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Help is available for landlords
Landlords can get help too. You can apply for money to cover rent and utilities.

Help for landlords

The COVID-19 pandemic has caused money struggles for both renters and landlords. You’re an important part of the rental economy. If your rental income has fallen, you can take advantage of options to keep you in control of your property and your financial situation.

Recover back rent – apply for rental assistance

Rental assistance can help you recover rent that your tenants owe and get your finances back on track. Here’s what you need to know to get started.

1. You may need to apply for your tenants.

As a landlord, you may think that rental assistance is for tenants. But right now, 3 in 4 programs funded by the U.S. Treasury Department’s Emergency Rental Assistance (ERA) Program take applications from landlords.

Where tenants can apply, they usually need information from you to complete the process. Why? Rent payments are usually delivered straight to the housing provider.

2. Eligibility is based on your tenant’s needs.

Eligibility for federal rental assistance is based on your tenant’s household income, financial hardships they’re facing, and their housing situation.

3. Is rental assistance worth the trouble? You do the math.

Consider all your options. Money from federal rental assistance could cover up to 18 months of rent – including unpaid rent incurred during the COVID-19 pandemic and future rent in certain cases – when the money is available. Evicting tenants can be time-consuming and expensive. When it’s over, you may never recover unpaid rent.

Find a rental assistance program for your state, tribe, or local area

Learn about eligibility and what the money covers

Tell your friends and family about rental assistance

Like other folks, you probably rely on friends and family, work colleagues, and other trusted professionals to stay on top of rapid developments during the pandemic. If you’ve found this information helpful, please share our handouts with your networks as well as your tenants

Stay in control by working through all your options

You have options and applying for federal emergency rental assistance is a good first step. At the same time, don’t underestimate the power of an open conversation with your tenant about realistic ways you can continue your rental relationship.

Check out our tips for having a fruitful conversation

Explore forbearance to pause your mortgage payments

Many homeowners are having trouble making their monthly mortgage payments. This includes property owners who depend on rental income to make ends meet. If it has become harder to pay your mortgage during the coronavirus pandemic, you may be eligible for forbearance. This is a temporary pause or reduction in your monthly mortgage payments. Some owners may be concerned about their credit. However, during the pandemic emergency, getting forbearance may not affect your credit.

Learn about forbearance

Understanding renting to veterans experiencing homelessness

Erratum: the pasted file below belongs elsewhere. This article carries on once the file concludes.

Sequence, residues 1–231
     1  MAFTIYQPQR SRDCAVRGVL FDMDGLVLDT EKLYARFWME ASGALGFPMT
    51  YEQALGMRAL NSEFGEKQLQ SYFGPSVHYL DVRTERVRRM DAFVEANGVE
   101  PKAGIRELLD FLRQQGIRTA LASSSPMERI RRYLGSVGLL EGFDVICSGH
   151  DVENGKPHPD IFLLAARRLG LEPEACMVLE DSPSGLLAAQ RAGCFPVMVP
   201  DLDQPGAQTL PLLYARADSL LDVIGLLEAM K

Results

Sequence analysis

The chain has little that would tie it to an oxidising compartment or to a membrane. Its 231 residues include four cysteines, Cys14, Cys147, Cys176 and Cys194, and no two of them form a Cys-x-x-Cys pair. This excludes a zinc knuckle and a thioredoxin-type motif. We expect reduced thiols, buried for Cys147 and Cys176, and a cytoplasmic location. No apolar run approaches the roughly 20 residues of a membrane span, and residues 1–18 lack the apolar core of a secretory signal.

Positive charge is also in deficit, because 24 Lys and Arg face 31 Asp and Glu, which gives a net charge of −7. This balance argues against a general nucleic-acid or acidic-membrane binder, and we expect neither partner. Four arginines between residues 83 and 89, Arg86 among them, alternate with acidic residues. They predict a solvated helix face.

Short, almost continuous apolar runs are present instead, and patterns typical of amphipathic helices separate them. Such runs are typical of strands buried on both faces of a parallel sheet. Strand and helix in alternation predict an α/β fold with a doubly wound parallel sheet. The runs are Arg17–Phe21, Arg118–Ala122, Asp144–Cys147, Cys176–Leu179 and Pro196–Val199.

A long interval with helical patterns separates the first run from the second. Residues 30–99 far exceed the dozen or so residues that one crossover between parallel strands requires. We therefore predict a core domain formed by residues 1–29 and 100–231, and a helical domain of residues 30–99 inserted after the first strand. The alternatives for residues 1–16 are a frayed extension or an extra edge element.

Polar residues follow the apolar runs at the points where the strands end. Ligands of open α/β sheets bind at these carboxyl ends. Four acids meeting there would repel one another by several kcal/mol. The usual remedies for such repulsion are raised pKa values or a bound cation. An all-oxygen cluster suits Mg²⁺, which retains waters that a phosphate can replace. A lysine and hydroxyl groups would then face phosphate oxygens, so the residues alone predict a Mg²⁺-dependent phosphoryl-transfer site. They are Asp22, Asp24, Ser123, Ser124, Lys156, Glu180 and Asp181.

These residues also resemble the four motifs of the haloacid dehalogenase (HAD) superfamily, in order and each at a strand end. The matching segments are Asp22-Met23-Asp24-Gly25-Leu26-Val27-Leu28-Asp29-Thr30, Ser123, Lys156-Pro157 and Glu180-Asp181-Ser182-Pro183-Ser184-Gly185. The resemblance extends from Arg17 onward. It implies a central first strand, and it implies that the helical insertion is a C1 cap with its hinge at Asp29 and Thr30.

You can serve as a landlord to a veteran of the armed forces and make a positive difference to a person who has served our country.

See tips and information on renting to veterans

Understand protections for servicemembers and military families

The Servicemembers Civil Relief Act (SCRA) provides legal and financial protections to those who have answered the nation’s call to serve. If your tenant is on active duty in the military or uniformed service, a reservist on active duty, a member of the National Guard on active duty, or a dependent of one of these active-duty servicemembers, you are required to comply with the Servicemembers Civil Relief Act. SCRA protections start on the date when active duty orders are received. Under the SCRA:

  • Servicemembers and their dependents have eviction protection rights – If rent costs less than $4,214.28 a month (as of 2022), you can’t evict a servicemember or their dependents from a residential home during their military service, or seize their property as payment of rent, unless you have a court order.
  • Servicemembers can pause a court eviction – If you are pursuing an eviction in court, servicemembers and their dependents can pause the eviction for up to 90 days upon request. The court can also order a pause on its own, without a request.
  • You must reimburse rent paid in advance – If a servicemember receives orders to deploy or for a permanent change of station, you must reimburse any advance payments they made toward their rent within 30 days of the lease termination.
  • Servicemembers may terminate their leases – Servicemembers must be allowed to terminate residential leases without penalty if they receive orders to deploy or for a permanent change of station (PCS), even if the lease began before their military service.

See more about the SCRA and its rights and protections

Get expert help

Talk to a housing counselor

Be proactive. Talk with a local expert who can help you locate rental assistance programs in your area, understand your options as a property owner, and make an action plan. Contact a HUD-approved housing counseling agency in your area.